After all, they were sworn to friendship through the calumet.The exchange of gifts was not entirely one directional.Also, we have the Caribbean and the recent immigrant African communities. In order to understand how this land came to be what it is, we must know its history.In truth however, the Africans and Caribbean peoples have been coming here for nearly 150 years and blending in, over time, with the Africans already here. This is a story of Indian and African resistance to white colonial rule in Louisiana during the earliest days of French occupation. We must not dismiss the genocide against Indians and Africans or the clever and fierce resistance that Indians and Africans put up in the wake of an unholy tumult perpetrated by Europeans.When their wishes were denied, soldiers often turned to rape and other forms of brutality against Indian women.For more than 20 years, the French interlopers regularly faced starvation.There is still a large community of Creoles in Louisiana today. It is said that, as intermediaries between the Blacks and the whites, they got European instruments into the hands of African musicians and thereby facilitated the development of jazz.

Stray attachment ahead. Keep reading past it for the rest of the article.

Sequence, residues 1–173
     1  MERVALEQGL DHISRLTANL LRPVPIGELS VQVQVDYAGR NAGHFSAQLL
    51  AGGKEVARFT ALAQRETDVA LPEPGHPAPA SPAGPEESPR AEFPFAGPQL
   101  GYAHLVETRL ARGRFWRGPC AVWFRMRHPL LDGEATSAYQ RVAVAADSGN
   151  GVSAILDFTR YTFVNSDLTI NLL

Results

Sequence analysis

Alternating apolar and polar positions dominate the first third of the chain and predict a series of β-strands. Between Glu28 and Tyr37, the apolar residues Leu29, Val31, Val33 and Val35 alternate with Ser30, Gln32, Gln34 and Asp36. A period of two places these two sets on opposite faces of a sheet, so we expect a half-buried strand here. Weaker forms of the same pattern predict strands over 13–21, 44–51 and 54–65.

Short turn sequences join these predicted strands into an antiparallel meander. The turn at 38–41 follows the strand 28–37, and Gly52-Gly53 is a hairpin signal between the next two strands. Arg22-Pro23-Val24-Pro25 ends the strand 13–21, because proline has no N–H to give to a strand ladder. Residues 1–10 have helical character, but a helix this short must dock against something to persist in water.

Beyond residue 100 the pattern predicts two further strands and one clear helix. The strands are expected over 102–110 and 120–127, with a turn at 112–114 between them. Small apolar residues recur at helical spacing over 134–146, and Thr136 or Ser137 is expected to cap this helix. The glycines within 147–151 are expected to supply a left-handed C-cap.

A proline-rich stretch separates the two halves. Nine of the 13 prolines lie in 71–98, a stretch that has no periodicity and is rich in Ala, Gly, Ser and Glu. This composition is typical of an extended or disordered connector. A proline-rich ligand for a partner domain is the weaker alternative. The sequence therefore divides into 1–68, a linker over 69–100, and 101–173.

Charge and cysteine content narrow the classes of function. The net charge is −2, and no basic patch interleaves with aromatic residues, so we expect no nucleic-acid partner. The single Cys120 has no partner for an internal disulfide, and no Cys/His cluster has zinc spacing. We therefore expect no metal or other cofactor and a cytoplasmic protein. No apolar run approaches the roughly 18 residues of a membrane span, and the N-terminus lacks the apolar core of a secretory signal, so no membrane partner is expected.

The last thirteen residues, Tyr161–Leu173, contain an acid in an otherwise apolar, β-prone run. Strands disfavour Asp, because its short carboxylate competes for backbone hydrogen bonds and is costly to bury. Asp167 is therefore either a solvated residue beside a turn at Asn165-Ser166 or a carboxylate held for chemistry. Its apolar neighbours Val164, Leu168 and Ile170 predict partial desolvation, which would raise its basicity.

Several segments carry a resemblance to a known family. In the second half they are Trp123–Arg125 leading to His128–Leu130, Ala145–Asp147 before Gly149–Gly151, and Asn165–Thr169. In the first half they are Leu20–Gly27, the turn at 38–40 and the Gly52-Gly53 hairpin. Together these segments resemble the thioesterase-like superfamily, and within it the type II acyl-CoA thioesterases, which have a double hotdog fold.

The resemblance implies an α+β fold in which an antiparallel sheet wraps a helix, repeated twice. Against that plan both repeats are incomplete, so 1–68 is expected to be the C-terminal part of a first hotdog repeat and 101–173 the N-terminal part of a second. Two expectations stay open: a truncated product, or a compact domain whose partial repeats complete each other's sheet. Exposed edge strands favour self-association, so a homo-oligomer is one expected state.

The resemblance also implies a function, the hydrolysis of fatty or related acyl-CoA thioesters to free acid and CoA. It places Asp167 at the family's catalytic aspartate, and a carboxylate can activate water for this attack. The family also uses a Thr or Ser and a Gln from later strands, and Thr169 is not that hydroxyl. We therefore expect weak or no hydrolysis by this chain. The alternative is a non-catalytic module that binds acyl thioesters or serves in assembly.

The Invasion Of Louisiana In late February, 1699, Pierre le Moyne d’Iberville, his brother Jean Baptiste le Moyne de Bienville, and a small group of soldiers, sailors, and artisans dropped anchor in Biloxi Bay.As the French expanded their base of control, some Indian Nations simply packed up and moved, not wanting even to be near the French and their strange religion and habits.But dislocated Indians had to live somewhere, and they invariably wound up in the proximity of other Indian communities, threatening the resources of the people who were already there.The French brought some of their own presents, and bestowed upon Indian communities the traditional European hospitality, including dysentery, smallpox, cholera, Christianity, horses and pigs, rats and cockroaches.He Kills A Priest The arrival of French colonists set off a chain reaction of disease and dislocation in Indian communities throughout the Gulf Coast area.
Indians watched cautiously from a distance, out of sight of the intruders.